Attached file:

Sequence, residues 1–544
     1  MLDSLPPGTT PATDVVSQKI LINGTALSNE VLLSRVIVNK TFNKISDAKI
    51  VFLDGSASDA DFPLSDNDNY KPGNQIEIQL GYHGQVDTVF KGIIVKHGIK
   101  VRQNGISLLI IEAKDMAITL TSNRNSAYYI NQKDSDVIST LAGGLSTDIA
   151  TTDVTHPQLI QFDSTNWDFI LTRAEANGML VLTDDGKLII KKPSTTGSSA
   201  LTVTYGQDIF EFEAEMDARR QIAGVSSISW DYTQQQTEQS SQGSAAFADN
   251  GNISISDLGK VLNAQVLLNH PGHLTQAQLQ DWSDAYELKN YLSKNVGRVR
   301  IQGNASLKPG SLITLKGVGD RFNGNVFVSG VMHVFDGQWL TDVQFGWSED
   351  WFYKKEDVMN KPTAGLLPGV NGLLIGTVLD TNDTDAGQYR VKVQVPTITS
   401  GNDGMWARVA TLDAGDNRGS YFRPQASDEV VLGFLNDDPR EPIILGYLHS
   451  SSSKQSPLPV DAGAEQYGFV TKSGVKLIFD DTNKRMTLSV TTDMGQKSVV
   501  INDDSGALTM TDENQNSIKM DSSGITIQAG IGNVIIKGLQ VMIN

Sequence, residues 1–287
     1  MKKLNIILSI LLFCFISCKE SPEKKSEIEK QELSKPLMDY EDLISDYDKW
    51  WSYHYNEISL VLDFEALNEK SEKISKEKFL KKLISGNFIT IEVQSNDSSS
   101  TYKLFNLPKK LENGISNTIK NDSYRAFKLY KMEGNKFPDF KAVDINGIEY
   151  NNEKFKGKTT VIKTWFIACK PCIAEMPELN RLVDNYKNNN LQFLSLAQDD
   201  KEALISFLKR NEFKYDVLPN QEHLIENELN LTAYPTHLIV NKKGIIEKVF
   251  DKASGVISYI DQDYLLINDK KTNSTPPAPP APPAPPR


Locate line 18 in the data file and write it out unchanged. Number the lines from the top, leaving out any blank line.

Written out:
   201  KEALISFLKR NEFKYDVLPN QEHLIENELN LTAYPTHLIV NKKGIIEKVF